Sohrab and Tehmul in "Such a Long Journey"
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The paper examines how Rohinton Mistry uses Sohrab and Tehmul, the son and surrogate-son, to comment on the characters of Gustad and Dilnavaz. The paper shows how both of these characters are central to the story; Tehmul is the "jester" of the story that helps Gustad recognize his own emotions and stubbornness, while Sohrab is the wedge that drives the family apart but eventually brings it together in a successful reunion. The paper discusses how these two characters shed light on the parents' own relationship, how much they care for their children, and what idiosyncrasies they have.
From the Paper:"It is quite clear Gustad is a family man who loves his family and would do anything for them. In the past, he risked his life and was injured saving his son from a car accident, so it is clear he is a good father and husband. He wants more for his children, as most parents do, which is why he is so adamant about Sohrab attending IIT. The author shows this by the tension at the dinner table when Sohrab tells his father he does not want to attend the Institute. Mistry writes, "'Yes, we will eat,' said Gustad, 'but,' to Sohrab, 'what is the matter suddenly?' 'It's not suddenly. I'm sick and tired of IIT, IIT, IIT all the time. I'm not interested in it. I'm not a jolly good fellow about it, and I'm not going there'" (Mistry 48). Gustad is so incensed he disowns his son, and Sohrab moves out."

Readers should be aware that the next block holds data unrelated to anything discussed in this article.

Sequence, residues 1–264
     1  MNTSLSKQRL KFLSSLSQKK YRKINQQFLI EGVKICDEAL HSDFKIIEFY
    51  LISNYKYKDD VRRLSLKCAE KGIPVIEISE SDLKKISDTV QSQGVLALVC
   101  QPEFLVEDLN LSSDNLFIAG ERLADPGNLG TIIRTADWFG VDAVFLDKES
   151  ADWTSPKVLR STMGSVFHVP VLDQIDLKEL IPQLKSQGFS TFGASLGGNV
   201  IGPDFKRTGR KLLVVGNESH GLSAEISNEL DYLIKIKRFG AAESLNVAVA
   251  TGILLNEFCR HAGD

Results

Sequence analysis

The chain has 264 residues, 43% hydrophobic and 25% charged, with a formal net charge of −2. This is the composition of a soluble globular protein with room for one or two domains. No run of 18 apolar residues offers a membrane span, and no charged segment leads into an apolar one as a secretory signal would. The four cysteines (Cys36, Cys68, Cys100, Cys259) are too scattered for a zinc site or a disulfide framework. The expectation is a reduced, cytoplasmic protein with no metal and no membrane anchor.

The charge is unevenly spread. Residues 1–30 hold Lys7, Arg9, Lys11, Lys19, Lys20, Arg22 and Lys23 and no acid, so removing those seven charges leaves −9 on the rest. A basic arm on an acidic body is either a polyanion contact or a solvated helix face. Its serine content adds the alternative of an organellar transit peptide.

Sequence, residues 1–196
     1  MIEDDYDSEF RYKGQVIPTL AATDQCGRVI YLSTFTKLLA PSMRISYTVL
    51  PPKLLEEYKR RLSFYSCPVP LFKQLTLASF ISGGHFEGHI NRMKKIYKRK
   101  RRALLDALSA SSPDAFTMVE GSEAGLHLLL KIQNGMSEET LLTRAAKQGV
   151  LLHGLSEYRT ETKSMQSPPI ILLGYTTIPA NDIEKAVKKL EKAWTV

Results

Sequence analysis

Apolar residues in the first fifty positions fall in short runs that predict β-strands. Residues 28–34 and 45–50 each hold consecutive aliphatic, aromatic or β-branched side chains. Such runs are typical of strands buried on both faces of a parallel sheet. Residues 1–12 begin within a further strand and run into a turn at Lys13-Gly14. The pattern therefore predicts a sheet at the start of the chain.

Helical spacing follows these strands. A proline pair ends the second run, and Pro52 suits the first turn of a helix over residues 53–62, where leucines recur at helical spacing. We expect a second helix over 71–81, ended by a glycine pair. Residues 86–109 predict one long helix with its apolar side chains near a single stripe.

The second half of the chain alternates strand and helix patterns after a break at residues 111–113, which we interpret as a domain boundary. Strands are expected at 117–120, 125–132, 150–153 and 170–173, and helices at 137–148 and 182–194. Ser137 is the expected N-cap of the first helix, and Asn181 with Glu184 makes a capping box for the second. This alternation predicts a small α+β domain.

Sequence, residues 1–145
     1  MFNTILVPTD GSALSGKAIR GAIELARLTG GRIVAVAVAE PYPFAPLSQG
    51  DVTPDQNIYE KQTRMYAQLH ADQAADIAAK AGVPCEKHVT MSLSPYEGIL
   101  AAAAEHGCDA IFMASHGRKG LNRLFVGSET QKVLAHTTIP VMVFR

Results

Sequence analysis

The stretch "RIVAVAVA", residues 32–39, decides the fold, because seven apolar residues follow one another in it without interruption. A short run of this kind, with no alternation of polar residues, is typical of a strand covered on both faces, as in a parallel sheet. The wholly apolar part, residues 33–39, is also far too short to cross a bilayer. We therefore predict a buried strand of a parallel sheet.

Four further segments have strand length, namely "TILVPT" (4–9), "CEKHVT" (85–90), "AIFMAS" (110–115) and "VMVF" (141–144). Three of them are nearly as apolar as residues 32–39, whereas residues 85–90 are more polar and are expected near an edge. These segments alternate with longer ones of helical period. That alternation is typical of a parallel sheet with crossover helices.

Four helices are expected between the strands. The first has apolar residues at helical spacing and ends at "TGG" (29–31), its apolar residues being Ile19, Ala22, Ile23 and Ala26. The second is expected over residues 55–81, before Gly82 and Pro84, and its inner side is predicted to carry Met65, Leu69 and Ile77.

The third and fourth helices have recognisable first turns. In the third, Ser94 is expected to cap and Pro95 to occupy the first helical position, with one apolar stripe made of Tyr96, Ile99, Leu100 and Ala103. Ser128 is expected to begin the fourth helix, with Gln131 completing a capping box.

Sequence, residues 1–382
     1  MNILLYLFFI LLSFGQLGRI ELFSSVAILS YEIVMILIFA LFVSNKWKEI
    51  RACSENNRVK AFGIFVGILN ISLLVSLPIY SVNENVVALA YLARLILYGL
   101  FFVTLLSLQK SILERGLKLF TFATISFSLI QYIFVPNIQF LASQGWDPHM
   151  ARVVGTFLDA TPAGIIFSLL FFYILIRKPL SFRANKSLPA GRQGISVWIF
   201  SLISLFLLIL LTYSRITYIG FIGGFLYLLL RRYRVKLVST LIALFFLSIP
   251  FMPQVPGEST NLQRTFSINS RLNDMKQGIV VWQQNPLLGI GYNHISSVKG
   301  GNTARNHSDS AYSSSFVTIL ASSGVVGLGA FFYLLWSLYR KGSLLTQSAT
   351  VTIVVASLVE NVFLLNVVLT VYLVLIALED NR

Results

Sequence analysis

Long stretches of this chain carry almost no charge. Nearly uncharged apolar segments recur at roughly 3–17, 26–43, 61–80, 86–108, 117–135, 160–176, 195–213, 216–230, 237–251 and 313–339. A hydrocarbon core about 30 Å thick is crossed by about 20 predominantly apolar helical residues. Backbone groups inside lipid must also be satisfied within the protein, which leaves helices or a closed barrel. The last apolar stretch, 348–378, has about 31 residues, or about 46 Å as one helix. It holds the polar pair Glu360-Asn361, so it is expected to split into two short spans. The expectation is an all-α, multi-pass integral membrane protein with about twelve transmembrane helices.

Sample of Sources Used:
- Mistry, Rohinton. Such a Long Journey. New York: Vintage Books, 1992.
Cite this Book Review:
Sohrab and Tehmul in "Such a Long Journey" (2010, December 01) Retrieved December 02, 2023, from https://www.academon.com/book-review/sohrab-and-tehmul-in-such-a-long-journey-145881/
"Sohrab and Tehmul in "Such a Long Journey"" 01 December 2010. Web. 02 December. 2023. <https://www.academon.com/book-review/sohrab-and-tehmul-in-such-a-long-journey-145881/>